The prestigious launch of Chandrayaan 2 willl mark a momentous event for ISRO as it shall carry NASA’S laser instruments set to help scientists make precise measurements of the distance to the Moon.
The instruments in question are retroreflectors- sophisticated mirrors that reflect laser light signals sent from the Earth. With the help of these signals, scientists can then pinpoint the location of the vehicle and hence calculate the exact distance to the Moon.
NASA confirmed this status of India’s Lunar mission at the Lunar and Planetary Science Conference held at Texas, US last week. India’s Chandrayan 2 and Israeli Bersheet, that are set to touch down on April 11, will each carry NASA owned retroreflector arrays.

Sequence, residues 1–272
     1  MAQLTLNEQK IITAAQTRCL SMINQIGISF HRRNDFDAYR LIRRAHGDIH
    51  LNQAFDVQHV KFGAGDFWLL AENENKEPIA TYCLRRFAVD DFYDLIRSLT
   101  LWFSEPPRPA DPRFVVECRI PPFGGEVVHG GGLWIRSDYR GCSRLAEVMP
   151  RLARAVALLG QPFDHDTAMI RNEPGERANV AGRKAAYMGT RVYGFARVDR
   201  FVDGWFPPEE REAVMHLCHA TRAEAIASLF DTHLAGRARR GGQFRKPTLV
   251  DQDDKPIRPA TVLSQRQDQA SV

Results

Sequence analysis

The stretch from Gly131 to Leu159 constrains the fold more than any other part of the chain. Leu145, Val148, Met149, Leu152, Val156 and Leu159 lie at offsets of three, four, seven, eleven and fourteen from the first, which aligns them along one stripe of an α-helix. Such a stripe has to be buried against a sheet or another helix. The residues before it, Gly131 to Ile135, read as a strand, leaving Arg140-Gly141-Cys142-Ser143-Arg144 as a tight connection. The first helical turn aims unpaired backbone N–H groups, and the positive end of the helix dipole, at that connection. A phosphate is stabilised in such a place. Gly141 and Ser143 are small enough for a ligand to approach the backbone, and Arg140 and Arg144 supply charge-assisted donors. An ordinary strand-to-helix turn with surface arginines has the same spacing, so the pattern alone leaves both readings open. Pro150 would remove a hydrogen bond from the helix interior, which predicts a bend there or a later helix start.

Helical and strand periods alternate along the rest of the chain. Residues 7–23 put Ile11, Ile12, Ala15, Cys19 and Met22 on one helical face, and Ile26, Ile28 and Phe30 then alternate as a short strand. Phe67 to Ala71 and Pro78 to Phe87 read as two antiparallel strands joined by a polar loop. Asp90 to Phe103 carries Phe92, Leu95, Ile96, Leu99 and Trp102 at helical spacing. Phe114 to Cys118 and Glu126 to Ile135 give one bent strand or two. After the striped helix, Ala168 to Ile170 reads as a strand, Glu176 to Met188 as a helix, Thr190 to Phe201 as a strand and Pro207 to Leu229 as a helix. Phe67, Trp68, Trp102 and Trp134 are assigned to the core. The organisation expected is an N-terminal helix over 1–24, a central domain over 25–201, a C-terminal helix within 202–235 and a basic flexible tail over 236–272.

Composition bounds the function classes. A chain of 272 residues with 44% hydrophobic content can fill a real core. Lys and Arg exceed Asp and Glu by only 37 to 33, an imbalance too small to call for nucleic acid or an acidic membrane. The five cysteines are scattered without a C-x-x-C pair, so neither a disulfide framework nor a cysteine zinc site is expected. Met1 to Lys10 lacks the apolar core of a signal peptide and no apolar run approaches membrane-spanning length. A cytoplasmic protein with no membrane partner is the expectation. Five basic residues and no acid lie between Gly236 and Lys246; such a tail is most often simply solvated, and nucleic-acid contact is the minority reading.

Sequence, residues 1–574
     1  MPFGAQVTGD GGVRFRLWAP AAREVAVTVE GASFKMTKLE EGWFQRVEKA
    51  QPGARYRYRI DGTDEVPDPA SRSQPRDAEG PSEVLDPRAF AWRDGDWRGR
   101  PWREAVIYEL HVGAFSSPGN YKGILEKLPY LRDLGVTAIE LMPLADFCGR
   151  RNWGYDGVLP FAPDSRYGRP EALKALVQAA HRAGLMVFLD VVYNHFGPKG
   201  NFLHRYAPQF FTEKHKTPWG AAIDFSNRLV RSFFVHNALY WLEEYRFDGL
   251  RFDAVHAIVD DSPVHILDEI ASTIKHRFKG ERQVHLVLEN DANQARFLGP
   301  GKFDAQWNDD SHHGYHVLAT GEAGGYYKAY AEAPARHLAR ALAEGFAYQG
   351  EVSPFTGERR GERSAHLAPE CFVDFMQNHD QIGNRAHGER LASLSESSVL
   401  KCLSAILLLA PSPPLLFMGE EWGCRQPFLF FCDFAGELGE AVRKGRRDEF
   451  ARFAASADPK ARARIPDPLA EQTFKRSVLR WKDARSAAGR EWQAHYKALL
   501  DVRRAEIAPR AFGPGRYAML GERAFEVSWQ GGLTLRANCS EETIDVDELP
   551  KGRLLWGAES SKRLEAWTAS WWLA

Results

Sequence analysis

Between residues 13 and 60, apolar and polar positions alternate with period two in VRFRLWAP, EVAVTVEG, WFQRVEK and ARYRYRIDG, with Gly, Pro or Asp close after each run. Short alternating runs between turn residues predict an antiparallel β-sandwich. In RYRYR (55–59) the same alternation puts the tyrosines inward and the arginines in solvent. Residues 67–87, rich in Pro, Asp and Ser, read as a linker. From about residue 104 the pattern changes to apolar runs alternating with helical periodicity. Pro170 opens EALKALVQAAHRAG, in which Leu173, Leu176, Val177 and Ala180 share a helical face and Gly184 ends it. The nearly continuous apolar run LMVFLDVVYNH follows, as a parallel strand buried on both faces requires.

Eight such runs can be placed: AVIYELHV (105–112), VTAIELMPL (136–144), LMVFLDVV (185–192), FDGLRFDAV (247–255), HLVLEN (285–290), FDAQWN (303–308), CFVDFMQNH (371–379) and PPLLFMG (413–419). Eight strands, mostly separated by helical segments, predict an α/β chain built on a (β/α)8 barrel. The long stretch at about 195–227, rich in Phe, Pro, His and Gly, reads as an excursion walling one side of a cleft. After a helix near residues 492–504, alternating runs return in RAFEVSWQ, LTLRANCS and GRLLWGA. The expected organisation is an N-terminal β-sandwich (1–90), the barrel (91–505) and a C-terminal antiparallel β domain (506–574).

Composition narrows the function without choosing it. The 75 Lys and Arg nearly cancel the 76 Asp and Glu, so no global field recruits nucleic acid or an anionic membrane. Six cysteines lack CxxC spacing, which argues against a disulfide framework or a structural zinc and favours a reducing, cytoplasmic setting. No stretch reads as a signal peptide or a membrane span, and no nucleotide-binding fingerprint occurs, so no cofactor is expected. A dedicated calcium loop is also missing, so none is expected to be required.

“We’re trying to populate the entire surface with as many laser reflector arrays as we can possibly get there”
– Lori Glaze, acting director of the Planetary Science Division of NASA’s Science Mission Directorate.
The existing retroreflectors on the Moon have some flaws as in they are big ones instead of individual ones which would waste fewer laser pulses and allow for more recise measurements of the Moon’s surface.
Scientists now await the possibility of analyses extremely detailed.